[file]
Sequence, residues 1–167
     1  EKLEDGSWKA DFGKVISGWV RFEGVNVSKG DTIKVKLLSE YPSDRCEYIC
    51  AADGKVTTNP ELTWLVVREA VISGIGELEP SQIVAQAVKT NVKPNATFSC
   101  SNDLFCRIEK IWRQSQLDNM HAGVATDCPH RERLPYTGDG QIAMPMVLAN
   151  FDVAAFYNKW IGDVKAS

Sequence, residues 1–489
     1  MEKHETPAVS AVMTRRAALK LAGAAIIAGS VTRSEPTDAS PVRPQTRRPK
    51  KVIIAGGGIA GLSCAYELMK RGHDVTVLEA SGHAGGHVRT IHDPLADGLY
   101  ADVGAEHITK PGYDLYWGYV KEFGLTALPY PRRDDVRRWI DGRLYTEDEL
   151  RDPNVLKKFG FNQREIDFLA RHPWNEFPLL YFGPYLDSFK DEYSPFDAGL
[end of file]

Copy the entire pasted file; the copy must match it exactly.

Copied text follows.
Sequence, residues 1–167
     1  EKLEDGSWKA DFGKVISGWV RFEGVNVSKG DTIKVKLLSE YPSDRCEYIC
    51  AADGKVTTNP ELTWLVVREA VISGIGELEP SQIVAQAVKT NVKPNATFSC
   101  SNDLFCRIEK IWRQSQLDNM HAGVATDCPH RERLPYTGDG QIAMPMVLAN
   151  FDVAAFYNKW IGDVKAS

Sequence, residues 1–489
     1  MEKHETPAVS AVMTRRAALK LAGAAIIAGS VTRSEPTDAS PVRPQTRRPK
    51  KVIIAGGGIA GLSCAYELMK RGHDVTVLEA SGHAGGHVRT IHDPLADGLY
   101  ADVGAEHITK PGYDLYWGYV KEFGLTALPY PRRDDVRRWI DGRLYTEDEL
   151  RDPNVLKKFG FNQREIDFLA RHPWNEFPLL YFGPYLDSFK DEYSPFDAGL